Graphics Contexts and Graphics Objects

A C# graphics context represents a drawing surface that enables drawing on the screen. A Graphics object manages a graphics context by controlling how information is drawn. Graphics objects contain methods for drawing, font manipulation, color manipulation and other graphics-related actions. Every derived class of System.Windows.Forms.Form inherits a virtual OnPaint method in which most graphics operations are performed. The arguments to the OnPaint method include a PaintEventArgs object from which we can obtain a Graphics object for the Form. We must obtain the Graphics object on each call to the method, because the properties of the graphics context that the graphics object represents could change. Method OnPaint TRiggers the Control's Paint event.

When drawing on a Form, you can override method OnPaint to retrieve a Graphics object from argument PaintEventArgs or to create a new Graphics object associated with the appropriate surface. We demonstrate these drawing techniques in C# later in the chapter.

To override the inherited OnPaint method, use the following method header:

protected override void OnPaint( PaintEventArgs e )

Next, extract the incoming Graphics object from argument PaintEventArg, as in:

Graphics graphicsObject = e.Graphics;

Variable graphicsObject can now be used to draw shapes and strings on the form.

Calling the OnPaint method raises the Paint event. Instead of overriding the OnPaint method, programmers can add an event handler for the Paint event. Visual Studio .NET generates the Paint event handler in this form:

protected void MyEventHandler_Paint(
 object sender, PaintEventArgs e )

Programmers seldom call the OnPaint method directly, because drawing graphics is an event-driven process. An eventsuch as covering, uncovering or resizing a windowcalls the OnPaint method of that Form. Similarly, when any control (such as a TextBox or Label) is displayed, that control's OnPaint method is called.

You can force a call to OnPaint by calling a Control's Invalidate method. This method refreshes a control and implicitly repaints all its graphical components. Class Control has several overloaded Invalidate methods that allow programmers to update portions of a control.

Performance Tip 17 1

Calling the Invalidate method to refresh the Control can be inefficient if only a small portion of a Control needs refreshing. Calling Invalidate with a Rectangle parameter refreshes only the area designated by the rectangle. This improves program performance.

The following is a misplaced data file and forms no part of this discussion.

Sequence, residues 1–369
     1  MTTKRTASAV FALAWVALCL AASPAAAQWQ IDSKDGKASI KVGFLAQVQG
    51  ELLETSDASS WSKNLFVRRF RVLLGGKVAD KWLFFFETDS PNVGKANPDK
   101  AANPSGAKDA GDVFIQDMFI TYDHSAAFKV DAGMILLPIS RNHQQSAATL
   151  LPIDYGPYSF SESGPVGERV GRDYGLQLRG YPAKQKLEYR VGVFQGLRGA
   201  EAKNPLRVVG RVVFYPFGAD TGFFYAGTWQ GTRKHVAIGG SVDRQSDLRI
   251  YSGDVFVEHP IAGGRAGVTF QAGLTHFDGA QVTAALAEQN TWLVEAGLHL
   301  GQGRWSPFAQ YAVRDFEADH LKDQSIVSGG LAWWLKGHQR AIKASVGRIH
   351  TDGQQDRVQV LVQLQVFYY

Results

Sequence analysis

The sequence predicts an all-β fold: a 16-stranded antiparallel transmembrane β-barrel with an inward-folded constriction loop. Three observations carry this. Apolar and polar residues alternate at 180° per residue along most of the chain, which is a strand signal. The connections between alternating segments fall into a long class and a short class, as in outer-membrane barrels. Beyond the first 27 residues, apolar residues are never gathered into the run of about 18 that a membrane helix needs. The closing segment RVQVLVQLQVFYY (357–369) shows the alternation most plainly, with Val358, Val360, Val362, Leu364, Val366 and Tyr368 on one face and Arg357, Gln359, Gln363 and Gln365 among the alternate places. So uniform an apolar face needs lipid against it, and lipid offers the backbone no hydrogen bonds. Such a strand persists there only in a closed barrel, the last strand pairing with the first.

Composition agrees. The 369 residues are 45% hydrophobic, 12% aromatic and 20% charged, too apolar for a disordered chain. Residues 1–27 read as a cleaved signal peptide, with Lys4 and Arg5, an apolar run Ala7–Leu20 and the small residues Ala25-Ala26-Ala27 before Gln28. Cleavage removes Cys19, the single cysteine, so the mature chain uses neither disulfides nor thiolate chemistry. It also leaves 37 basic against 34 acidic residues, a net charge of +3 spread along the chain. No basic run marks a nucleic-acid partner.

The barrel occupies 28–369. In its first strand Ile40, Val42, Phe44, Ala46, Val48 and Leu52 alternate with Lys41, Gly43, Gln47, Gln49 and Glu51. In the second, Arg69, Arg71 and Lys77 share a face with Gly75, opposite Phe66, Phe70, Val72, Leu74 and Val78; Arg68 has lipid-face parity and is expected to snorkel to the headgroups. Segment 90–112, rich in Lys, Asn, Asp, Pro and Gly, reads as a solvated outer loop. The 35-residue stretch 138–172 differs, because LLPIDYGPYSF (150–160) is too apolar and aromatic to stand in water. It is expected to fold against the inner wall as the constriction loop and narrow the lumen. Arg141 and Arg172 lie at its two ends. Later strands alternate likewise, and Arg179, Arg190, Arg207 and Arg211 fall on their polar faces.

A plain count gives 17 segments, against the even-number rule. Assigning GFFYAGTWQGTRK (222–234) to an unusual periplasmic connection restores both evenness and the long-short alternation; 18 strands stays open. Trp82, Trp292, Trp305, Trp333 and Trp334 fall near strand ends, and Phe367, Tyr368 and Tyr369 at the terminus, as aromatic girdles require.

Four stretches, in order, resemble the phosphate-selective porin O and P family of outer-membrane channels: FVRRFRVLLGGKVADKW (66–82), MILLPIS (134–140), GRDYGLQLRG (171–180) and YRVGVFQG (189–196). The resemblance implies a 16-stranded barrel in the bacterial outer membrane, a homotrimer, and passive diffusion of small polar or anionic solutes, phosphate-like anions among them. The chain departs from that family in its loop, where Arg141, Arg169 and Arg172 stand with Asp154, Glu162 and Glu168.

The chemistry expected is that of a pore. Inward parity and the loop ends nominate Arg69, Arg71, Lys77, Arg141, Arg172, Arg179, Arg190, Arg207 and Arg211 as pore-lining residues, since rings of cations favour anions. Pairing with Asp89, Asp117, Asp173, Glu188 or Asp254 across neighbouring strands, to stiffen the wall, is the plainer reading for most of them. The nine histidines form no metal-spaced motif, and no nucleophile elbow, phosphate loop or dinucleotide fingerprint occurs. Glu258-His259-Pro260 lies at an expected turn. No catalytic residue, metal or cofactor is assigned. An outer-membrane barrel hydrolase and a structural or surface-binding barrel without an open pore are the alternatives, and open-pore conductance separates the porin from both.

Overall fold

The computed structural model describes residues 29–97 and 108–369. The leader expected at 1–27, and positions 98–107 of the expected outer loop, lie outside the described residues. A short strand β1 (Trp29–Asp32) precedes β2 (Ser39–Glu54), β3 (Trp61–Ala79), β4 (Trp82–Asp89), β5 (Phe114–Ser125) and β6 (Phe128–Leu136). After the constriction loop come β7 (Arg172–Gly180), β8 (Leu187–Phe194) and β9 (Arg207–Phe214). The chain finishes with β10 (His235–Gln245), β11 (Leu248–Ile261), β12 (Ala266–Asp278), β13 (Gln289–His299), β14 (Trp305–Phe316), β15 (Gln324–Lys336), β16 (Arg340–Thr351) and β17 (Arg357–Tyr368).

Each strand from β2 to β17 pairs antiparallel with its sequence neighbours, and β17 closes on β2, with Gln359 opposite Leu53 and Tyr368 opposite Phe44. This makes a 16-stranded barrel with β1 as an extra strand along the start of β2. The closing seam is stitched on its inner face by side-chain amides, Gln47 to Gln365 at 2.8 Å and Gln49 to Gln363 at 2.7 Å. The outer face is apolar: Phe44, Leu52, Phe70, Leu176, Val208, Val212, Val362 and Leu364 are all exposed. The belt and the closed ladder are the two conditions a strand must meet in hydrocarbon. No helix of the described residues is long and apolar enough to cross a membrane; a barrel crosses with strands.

Controls, such as Labels and Buttons, do not have their own graphics contexts, but you can create them. To draw on a control, first create a graphics object by invoking the control's CreateGraphics method, as in:

Graphics graphicsObject = controlName.CreateGraphics();

Now you can use the methods provided in class Graphics to draw on the control.

Color Control

Preface

Index

    Introduction to Computers, the Internet and Visual C#

    Introduction to the Visual C# 2005 Express Edition IDE

    Introduction to C# Applications

    Introduction to Classes and Objects

    Control Statements: Part 1

    Control Statements: Part 2

    Methods: A Deeper Look

    Arrays

    Classes and Objects: A Deeper Look

    Object-Oriented Programming: Inheritance

    Polymorphism, Interfaces & Operator Overloading

    Exception Handling

    Graphical User Interface Concepts: Part 1

    Graphical User Interface Concepts: Part 2

    Multithreading

    Strings, Characters and Regular Expressions

    Graphics and Multimedia

    Files and Streams

    Extensible Markup Language (XML)

    Database, SQL and ADO.NET

    ASP.NET 2.0, Web Forms and Web Controls

    Web Services

    Networking: Streams-Based Sockets and Datagrams

    Searching and Sorting

    Data Structures

    Generics

    Collections

    Appendix A. Operator Precedence Chart

    Appendix B. Number Systems

    Appendix C. Using the Visual Studio 2005 Debugger

    Appendix D. ASCII Character Set

    Appendix E. Unicode®

    Appendix F. Introduction to XHTML: Part 1

    Appendix G. Introduction to XHTML: Part 2

    Appendix H. HTML/XHTML Special Characters

    Appendix I. HTML/XHTML Colors

    Appendix J. ATM Case Study Code

    Appendix K. UML 2: Additional Diagram Types

    Appendix L. Simple Types

    Index



    Visual C# How to Program
    Visual C# 2005 How to Program (2nd Edition)
    ISBN: 0131525239
    EAN: 2147483647
    Year: 2004
    Pages: 600

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